In 2018, thousands of emigrants from Africa and the Middle East risked their lives crossing the Mediterranean Sea to Europe in small, overcrowded boats. Juan Peña Ibáñez and Pablo Benjumeda Herreros had a unique vantage on the humanitarian crisis: They flew in search and rescue aircraft for Spain’s Maritime Safety Agency, equivalent to the US Coast Guard. At the time, as many as 30 boats approached Spain daily.
“From the aircraft I can only see 15, 20, 30 miles. I need to monitor hundreds of miles,” Benjumeda said. “We had reduced capabilities in that moment, it’s very frustrating. Every single life you lose at sea, you say, there must be something that we can do better.”
For Benjumeda and Peña, the answer was returning to the university for advanced degrees in remote sensing, and launching a company, Orbital EOS, that uses satellite data to more efficiently monitor the world’s oceans for all kinds of activity.
“We used to do four-hour patrols with our high-tech aircraft,” Peña says. “The area [we saw] in four hours is imaged by a satellite in 30 seconds.”
Orbital EOS analyzes data collected by radar satellites in orbit, which bounce radio waves of objects below and measure the reflections. This information is precise enough that machine learning software that can identify substances floating on top of water, like oil and chemical spills, by differences in their surface tension. This is a rare capability, and became the first service Peña and Benjumeda offer.
An opportunity to demonstrate the technique arrived with a maritime accident near Sri Lanka. In May, the shipping vessel X-Press Pearl suffered a catastrophic fire and sank, spilling its cargo of chemicals and micro plastics into the sea. Residents are already seeing catastrophic impacts on local marine life. The owner of the ship and Sri Lanka’s government say that no oil has spilled from the vessel. Orbital EOS’ analysis of recent data collected by Capella satellites produces a different picture. Analysis of the radar data (shown below overlaid on a satellite map in Orbital’s dashboard) suggest that hundreds of tons of oil spilled from the vessel, represented in gray:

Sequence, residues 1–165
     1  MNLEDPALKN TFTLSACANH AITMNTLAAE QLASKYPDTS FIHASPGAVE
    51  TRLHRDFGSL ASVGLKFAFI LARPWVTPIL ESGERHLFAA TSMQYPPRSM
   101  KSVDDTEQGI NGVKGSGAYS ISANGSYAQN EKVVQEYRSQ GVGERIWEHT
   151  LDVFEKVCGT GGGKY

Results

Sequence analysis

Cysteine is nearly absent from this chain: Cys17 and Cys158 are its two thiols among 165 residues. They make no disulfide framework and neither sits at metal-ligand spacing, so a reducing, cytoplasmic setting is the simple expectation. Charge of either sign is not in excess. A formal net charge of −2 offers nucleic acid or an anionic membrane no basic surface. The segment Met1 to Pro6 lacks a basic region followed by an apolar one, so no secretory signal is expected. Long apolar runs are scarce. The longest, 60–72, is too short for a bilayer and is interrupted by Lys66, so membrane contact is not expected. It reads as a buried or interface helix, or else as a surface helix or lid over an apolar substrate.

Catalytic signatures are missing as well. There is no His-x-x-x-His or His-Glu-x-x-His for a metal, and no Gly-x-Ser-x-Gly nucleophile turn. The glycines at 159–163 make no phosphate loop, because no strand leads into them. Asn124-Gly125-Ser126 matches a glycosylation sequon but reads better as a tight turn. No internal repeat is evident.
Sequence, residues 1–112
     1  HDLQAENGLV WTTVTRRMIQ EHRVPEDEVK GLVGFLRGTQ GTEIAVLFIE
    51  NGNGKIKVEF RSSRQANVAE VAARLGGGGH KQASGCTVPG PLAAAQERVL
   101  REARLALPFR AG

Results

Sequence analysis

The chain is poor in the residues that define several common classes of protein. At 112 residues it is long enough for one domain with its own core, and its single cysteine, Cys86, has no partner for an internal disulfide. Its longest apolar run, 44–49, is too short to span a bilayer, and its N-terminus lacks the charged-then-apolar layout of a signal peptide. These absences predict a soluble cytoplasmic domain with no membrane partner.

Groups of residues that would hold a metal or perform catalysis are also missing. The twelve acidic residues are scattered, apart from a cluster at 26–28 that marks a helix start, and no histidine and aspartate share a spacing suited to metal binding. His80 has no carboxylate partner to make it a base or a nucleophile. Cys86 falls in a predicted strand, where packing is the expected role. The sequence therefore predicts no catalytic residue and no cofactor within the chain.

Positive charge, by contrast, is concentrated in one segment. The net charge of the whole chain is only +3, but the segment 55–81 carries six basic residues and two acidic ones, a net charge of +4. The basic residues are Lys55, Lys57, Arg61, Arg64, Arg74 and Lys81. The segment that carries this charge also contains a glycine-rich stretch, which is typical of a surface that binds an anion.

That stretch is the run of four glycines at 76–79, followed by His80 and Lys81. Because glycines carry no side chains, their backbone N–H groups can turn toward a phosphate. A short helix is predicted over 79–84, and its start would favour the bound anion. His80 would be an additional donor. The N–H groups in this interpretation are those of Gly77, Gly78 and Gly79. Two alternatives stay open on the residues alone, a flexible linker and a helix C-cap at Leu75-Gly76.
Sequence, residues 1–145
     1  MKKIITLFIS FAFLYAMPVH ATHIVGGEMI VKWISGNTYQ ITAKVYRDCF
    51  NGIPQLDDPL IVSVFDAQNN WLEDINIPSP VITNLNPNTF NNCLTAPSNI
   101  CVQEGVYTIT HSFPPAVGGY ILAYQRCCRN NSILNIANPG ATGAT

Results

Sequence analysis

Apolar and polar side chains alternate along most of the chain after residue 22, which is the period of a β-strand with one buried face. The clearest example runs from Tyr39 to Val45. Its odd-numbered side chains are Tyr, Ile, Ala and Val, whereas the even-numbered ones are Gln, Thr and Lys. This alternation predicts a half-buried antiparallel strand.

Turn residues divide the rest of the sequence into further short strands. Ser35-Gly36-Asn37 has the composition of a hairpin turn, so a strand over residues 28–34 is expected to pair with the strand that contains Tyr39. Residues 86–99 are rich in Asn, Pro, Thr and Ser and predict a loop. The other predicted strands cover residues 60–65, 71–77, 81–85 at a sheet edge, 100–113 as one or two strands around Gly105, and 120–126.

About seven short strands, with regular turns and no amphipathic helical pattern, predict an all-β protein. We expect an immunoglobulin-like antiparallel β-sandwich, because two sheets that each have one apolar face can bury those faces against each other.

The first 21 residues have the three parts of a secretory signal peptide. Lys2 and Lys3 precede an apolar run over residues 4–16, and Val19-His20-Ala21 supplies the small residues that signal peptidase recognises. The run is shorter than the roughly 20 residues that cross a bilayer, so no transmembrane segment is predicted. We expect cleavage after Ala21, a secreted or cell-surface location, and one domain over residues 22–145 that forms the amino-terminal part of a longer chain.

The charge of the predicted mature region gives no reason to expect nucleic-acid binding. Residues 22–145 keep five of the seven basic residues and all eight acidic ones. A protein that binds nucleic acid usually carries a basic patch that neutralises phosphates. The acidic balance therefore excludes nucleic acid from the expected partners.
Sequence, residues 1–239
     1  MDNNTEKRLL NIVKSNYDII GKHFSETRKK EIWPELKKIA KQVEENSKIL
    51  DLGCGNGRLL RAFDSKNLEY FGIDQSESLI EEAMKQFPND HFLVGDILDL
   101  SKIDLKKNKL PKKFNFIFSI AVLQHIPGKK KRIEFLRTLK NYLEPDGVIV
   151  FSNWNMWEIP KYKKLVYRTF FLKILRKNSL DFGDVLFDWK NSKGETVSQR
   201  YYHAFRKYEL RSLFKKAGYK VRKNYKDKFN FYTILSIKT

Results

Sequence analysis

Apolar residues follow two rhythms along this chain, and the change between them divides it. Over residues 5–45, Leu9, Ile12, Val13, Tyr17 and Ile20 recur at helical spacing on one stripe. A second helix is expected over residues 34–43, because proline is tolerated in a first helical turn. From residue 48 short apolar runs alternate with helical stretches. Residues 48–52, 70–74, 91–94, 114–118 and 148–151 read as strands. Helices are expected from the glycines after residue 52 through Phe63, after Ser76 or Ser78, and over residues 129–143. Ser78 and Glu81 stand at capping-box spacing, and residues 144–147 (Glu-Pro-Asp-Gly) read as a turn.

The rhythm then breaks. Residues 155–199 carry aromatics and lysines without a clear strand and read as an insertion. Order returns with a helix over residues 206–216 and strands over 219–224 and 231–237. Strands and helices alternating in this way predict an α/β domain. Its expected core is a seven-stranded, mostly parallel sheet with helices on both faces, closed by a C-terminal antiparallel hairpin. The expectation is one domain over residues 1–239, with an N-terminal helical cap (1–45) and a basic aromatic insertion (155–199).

That’s not a huge spill compared to others, Benjumeda said, but “the problem with the oil is that the wreck is only 7 km offshore and the wind and currents are constant to the coastline, consequently, any single drop of oil will reach the coast in a very brief time.” This data can help emergency responders, but could also be used as evidence in legal disputes over who is liable for the consequences of this disaster.
One key tool toward that end are the newest generation of small satellites, which can capture information about a place on earth far more frequently and on-demand than their predecessors, and often at a lower cost. Orbital EOS relies on data collected by Capella Space’s radar satellites to track fast-moving events around the world, which makes its insights more valuable in real-time.
While this pollution has attracted international attention, many do not—and even small spills can have serious environmental impact. Orbital EOS wants to help government regulators better enforce pollution rules, and companies spot leaks and avoid waste. Now the firm is scaling up, raising money and looking to add new services that benefit from frequent revisits, like power line monitoring. It’s another example of how space technology is becoming a normal part of solving problems on earth.
“We were end users of many solutions when we were at the coast guard, [so it is] easy for us to identify the gaps in the technology,” Benjumeda says. “We started the whole design of the solution from there, from the user perspective—if I am the coast guard and I have to deal with an oil spill.”
A version of this story was originally published in Quartz’s Space Business newsletter.